Witch Wraith by Terry Brooks is the latest in the Shannara series, started many years ago with the Sword of Shannara. This is the third and final book in the “Dark Legacy of Shannara” trilogy and continues the adventures of the Ohmsfords, Druids, residents of the Four Lands, and the Demons in their battles.
The story opens with Railing Ohmsford searching for his long lost relative Grianne Ohmsford, formerly head of the Druid order and prior to that the Ilse Witch. The problem now is that Railing has been warned not to search for Grianne as it will not end the way anyone expects.
The quest to heal the Ellcrys and drive back the demons continues with Arlingfant and Aphenglow Elessedil elves of the royal family. They fight against all sorts of enemies trying to stop them, demon and human. If the tree is not reborn, the demons will come out of the Forbidding and destroy everything.
Finally Railing’s brother Redden is trying to find his way home from inside the Forbidding and do whatever it takes to put a stop to the impending demon invasion. He has unlikely allies including some minor demons inside the forbidding.
As with many of Terry Brooks’ Shannara books, we are kept on edge throughout the trilogy wondering how, or even if, the heroes will come through to the end. We’re reasonably sure that the Ellcrys will be reborn, but never quite sure how. Who will survive until the end? How will the demons be defeated? All I can say is that the ending is not quite what you’d expect if you’ve ever read Terry’s Shannara books in the past.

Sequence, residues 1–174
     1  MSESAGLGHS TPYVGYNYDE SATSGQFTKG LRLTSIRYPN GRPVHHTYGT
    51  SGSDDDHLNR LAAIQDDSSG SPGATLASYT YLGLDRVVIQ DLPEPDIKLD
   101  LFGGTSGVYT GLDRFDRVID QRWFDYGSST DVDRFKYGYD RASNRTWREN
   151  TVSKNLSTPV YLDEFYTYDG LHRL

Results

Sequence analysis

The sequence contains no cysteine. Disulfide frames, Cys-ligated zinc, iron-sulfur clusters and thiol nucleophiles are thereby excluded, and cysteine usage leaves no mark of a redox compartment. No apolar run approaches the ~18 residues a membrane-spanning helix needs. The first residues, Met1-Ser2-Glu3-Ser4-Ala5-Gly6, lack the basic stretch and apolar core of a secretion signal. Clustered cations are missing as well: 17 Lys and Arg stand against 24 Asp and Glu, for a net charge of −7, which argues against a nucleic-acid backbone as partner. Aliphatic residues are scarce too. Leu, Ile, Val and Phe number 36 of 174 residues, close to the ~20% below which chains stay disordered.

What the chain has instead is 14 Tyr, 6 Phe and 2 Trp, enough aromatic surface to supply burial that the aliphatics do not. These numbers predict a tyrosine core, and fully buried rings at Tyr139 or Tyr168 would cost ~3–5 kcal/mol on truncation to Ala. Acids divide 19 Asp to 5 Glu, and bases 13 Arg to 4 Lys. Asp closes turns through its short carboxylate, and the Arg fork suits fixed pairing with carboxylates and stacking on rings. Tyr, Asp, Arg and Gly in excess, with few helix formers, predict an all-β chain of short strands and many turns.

My Take: I’m a big fan of Terry’s Shannara books. There’s something refreshing in knowing that good will win out in the end and joining in the journey as the heroes grow, realize their strengths, and triumph over evil. That being said, this trilogy is appropriately named the “Dark Legacy”. The stories have definitely taken a darker turn with more deaths of main characters, tragic turnings, and human failings. I’ll spoil this a little bit saying that good still wins in the end, but with an ending that is sad for long-time readers.
I liked the book, as I do all of this series, but I hope to see less darkness in future Shannara novels. I look forward to what happens next in the Four Lands, and really hope that some form of peace or growth could come in future stories. If you’ve read any of Terry’s books you don’t need my review to know that you want to read this one. If you’ve never read any of his books, this is not the one with which to start. Go back to The Sword of Shannara and read them in publication order until you get here. You’ll appreciate it all the more.
Disclaimer: I was provided with this book by the publisher with no expectations on their part. The opinions expressed are my own and were not influenced by anyone else.